By David Kennedy
It is common now for elites to decry the advent of “post-truth” politics. The desire for better mechanisms to root out error and falsehood in political life, or to empower more trustworthy experts, is understandable. That said, I offer a few qualifications. 
Worry about false facts creeping into governance is somewhat of an “inside the establishment” problem. When we, as rulers and participants in the great global established order worry about the role of, say, “science” in “policy,” we are also congratulating ourselves, our habits and institutions for normally being rational, objective, reasonable, and procedurally sound machinery to identify and implement pragmatic action in the public interest. As if this – let’s call it “policy” — were normally what government does.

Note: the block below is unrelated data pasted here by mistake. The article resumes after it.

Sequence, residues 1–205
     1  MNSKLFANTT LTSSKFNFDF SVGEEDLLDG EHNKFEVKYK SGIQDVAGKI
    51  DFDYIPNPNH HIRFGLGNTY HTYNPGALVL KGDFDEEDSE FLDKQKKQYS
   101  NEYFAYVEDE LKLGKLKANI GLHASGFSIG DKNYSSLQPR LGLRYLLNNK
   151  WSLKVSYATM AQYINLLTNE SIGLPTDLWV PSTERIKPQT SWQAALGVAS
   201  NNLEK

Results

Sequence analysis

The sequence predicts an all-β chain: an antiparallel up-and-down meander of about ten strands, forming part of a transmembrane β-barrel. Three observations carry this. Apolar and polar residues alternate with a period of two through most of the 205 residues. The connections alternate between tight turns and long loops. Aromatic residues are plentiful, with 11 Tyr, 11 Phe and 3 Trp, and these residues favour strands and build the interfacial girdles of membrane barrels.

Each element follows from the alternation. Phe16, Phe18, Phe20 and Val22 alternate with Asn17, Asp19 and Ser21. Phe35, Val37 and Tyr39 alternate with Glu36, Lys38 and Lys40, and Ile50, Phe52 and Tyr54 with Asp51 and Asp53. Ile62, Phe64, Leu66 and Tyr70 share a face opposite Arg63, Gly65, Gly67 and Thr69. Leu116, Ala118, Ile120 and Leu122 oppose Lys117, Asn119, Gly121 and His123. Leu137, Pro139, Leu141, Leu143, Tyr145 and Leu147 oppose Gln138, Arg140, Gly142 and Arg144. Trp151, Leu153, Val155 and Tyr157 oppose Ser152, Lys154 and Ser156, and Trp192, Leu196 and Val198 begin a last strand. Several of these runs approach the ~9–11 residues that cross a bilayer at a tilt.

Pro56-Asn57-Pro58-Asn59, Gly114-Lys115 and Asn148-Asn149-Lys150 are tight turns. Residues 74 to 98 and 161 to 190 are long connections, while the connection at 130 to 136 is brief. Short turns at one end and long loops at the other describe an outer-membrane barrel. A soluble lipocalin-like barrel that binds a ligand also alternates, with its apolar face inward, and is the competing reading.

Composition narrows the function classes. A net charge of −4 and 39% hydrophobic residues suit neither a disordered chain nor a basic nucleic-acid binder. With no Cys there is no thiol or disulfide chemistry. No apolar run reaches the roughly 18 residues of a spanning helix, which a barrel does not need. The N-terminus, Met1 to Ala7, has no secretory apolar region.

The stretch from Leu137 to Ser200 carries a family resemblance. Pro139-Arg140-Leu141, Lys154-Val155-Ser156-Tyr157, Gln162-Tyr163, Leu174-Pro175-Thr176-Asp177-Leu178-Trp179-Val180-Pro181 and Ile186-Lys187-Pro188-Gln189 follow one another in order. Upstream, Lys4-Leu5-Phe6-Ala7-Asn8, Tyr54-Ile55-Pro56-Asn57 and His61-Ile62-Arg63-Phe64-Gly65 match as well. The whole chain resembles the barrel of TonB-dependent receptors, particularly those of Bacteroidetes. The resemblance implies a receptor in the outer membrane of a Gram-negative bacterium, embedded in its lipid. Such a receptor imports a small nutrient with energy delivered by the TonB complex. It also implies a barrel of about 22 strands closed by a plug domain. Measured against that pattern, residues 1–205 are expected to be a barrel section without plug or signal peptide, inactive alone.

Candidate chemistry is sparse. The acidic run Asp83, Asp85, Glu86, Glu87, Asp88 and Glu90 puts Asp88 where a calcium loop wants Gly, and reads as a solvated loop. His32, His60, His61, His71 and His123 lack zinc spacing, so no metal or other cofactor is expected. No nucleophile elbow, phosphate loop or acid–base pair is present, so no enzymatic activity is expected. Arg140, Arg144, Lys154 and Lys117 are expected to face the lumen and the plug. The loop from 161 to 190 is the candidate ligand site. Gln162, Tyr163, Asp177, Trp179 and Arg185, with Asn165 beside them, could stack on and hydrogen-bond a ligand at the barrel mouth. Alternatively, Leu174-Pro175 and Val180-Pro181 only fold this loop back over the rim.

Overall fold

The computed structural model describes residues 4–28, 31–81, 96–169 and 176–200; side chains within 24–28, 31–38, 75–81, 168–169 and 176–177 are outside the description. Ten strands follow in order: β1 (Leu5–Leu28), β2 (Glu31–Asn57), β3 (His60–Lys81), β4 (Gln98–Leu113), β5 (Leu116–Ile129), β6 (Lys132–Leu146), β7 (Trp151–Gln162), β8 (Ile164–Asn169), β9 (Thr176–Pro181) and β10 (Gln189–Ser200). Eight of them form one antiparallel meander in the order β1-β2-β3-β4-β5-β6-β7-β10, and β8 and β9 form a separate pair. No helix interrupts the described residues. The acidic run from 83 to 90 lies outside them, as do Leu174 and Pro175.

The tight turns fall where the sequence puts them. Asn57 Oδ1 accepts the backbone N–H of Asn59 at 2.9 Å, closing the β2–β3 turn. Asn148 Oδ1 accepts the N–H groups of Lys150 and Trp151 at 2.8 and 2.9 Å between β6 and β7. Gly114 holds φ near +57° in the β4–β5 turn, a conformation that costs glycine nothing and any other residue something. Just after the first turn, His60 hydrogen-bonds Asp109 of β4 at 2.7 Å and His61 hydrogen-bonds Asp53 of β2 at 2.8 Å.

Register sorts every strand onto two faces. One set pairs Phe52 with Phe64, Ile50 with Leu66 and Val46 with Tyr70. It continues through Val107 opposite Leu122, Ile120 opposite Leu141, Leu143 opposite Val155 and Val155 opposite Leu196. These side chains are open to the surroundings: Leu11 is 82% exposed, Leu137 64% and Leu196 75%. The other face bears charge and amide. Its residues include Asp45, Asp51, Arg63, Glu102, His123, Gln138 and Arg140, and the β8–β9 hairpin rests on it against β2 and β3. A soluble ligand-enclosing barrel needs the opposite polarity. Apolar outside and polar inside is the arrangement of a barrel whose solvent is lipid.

Not rent-seeking or nest feathering; not reinforcing some private interests against others; not reinforcing inequality or consolidating social power while managing dissent; not managing an entertainment spectacle or providing material for allegorical morality tales. Policy.